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    ABSTRACT: Previous studies have reported that perinatal nicotine exposure causes development of hypertensive phenotype in adult offspring.AimsThe present study was to determine whether perinatal nicotine exposure causes an epigenetic programming of vascular Angiotensin II receptors (ATRs) and their-mediated signaling pathway leading to heightened vascular contraction in adult offspring.Main methodsNicotine was administered to pregnant rats via subcutaneous osmotic minipumps from day 4 of gestation to day 10 after birth. The experiments were conducted at 5 months of age of male offspring.Key FindingsNicotine treatment enhanced Angitension II (Ang II)-induced vasoconstriction and 20-kDa myosin light chain phosphorylation (MLC20-P) levels. In addition, the ratio of Ang II-induced tension/MLC-P was also significantly increased in nicotine-treated group compared with the saline group. Nicotine-mediated enhanced constrictions were not directly dependent on the changes of [Ca2+]i concentrations but dependent on Ca2+ sensitivity. Perinatal nicotine treatment significantly enhanced vascular ATR type 1a (AT1aR) but not AT1bR mRNA levels in adult rat offspring, which was associated with selective decreases in DNA methylation at AT1aR promoter. Contrast to the effect on AT1aR, nicotine decreased the mRNA levels of vascular AT2R gene, which was associated with selective increases in DNA methylation at AT2R promoter.SignificanceOur results indicated that perinatal nicotine exposure caused an epigenetic programming of vascular ATRs and their-mediated signaling pathways, and suggested that differential regulation of AT1R/AT2R gene expression through DNA methylation mechanism may be involved in nicotine-induced heightened vasoconstriction and development of hypertensive phenotype in adulthood.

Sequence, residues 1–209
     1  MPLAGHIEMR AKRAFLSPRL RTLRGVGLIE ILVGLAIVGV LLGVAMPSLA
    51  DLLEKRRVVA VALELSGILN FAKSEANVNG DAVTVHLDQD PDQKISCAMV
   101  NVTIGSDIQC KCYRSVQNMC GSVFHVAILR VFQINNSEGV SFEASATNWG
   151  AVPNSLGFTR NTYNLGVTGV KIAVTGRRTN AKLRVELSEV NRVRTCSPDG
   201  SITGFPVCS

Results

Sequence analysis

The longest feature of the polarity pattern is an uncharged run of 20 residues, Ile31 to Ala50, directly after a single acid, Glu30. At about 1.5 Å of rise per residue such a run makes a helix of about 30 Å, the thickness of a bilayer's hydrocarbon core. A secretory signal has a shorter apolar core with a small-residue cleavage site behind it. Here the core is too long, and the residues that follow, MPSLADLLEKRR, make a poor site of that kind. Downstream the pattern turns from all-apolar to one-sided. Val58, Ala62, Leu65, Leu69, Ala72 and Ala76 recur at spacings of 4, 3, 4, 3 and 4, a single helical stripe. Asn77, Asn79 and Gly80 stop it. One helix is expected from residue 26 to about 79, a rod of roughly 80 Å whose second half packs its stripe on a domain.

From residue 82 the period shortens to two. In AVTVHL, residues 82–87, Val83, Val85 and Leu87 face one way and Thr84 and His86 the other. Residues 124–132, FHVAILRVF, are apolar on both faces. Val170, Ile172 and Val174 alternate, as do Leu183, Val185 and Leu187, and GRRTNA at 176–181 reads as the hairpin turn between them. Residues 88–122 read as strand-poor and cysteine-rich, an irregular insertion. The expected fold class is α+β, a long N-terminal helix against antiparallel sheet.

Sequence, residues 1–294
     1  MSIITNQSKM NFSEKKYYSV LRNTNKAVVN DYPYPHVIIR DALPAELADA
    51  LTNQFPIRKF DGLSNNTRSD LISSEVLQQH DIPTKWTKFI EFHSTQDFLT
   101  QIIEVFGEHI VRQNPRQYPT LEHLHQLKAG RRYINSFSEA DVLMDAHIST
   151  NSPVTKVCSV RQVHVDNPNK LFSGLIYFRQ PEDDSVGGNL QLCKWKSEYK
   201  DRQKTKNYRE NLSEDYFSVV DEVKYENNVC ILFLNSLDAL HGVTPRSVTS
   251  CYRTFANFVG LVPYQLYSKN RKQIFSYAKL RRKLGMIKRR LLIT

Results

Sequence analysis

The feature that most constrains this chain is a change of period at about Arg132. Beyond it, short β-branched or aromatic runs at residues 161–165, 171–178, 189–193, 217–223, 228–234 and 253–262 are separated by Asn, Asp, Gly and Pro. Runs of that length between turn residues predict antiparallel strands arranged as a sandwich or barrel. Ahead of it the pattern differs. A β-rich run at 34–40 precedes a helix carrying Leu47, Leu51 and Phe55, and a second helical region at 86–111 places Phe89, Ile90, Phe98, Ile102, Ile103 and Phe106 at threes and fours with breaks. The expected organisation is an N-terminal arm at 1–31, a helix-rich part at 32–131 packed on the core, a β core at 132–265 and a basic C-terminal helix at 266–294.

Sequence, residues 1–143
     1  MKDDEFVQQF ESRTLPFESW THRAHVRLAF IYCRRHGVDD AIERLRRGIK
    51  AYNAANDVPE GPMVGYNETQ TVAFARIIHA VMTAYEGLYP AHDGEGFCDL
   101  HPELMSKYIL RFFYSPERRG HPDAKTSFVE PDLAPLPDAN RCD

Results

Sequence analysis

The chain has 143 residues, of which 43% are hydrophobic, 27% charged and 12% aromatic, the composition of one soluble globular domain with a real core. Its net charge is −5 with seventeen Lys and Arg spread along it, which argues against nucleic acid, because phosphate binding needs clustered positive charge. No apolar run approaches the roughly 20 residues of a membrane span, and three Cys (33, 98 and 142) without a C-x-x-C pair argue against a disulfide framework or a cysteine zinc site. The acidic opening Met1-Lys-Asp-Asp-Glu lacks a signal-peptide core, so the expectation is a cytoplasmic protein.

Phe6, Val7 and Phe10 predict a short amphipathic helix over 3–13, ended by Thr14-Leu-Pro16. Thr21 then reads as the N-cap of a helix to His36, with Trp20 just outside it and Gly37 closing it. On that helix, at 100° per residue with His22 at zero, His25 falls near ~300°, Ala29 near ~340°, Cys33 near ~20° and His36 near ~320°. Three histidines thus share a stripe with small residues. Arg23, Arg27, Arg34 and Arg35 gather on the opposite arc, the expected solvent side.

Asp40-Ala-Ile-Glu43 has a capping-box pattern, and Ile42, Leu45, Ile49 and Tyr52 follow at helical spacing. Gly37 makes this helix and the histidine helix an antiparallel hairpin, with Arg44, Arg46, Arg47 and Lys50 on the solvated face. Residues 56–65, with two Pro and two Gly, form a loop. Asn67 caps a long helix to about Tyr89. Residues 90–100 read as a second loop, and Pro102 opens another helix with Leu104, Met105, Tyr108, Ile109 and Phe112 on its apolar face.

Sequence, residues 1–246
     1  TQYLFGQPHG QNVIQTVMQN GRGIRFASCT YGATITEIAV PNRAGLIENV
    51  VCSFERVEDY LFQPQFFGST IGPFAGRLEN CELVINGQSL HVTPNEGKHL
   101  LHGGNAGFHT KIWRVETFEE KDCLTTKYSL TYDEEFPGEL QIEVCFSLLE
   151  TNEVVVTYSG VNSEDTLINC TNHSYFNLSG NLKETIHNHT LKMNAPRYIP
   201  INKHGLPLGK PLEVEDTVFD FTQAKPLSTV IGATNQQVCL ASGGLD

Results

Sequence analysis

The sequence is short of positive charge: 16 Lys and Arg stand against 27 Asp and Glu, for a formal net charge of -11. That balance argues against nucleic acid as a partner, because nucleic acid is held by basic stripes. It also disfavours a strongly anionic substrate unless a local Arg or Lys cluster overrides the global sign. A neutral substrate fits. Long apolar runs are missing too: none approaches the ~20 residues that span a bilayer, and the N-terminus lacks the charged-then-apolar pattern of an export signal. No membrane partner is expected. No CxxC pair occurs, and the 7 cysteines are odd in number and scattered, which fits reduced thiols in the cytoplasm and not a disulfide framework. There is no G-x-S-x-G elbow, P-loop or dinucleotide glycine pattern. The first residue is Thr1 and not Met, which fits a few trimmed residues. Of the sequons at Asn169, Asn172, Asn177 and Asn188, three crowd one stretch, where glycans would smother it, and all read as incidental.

Full-text · Article · Sep 2014 · PLoS ONE
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    • "Maternal nicotine increased collagen reaction in lung parenchyma and caused abnormal bronchogenesis in bronchopulmonary development (5). Nicotine causes developmental defects and weight loss in organs such as kidneys and reduces their angiotensin receptors (6). A recent investigation has demonstrated that nicotine enhances renal diseases and increases the rate of oxidative stress in mice (7). "